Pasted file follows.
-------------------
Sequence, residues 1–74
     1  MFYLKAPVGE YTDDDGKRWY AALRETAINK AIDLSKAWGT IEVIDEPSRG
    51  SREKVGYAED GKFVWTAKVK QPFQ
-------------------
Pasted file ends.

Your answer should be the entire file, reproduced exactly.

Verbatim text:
Sequence, residues 1–74
     1  MFYLKAPVGE YTDDDGKRWY AALRETAINK AIDLSKAWGT IEVIDEPSRG
    51  SREKVGYAED GKFVWTAKVK QPFQ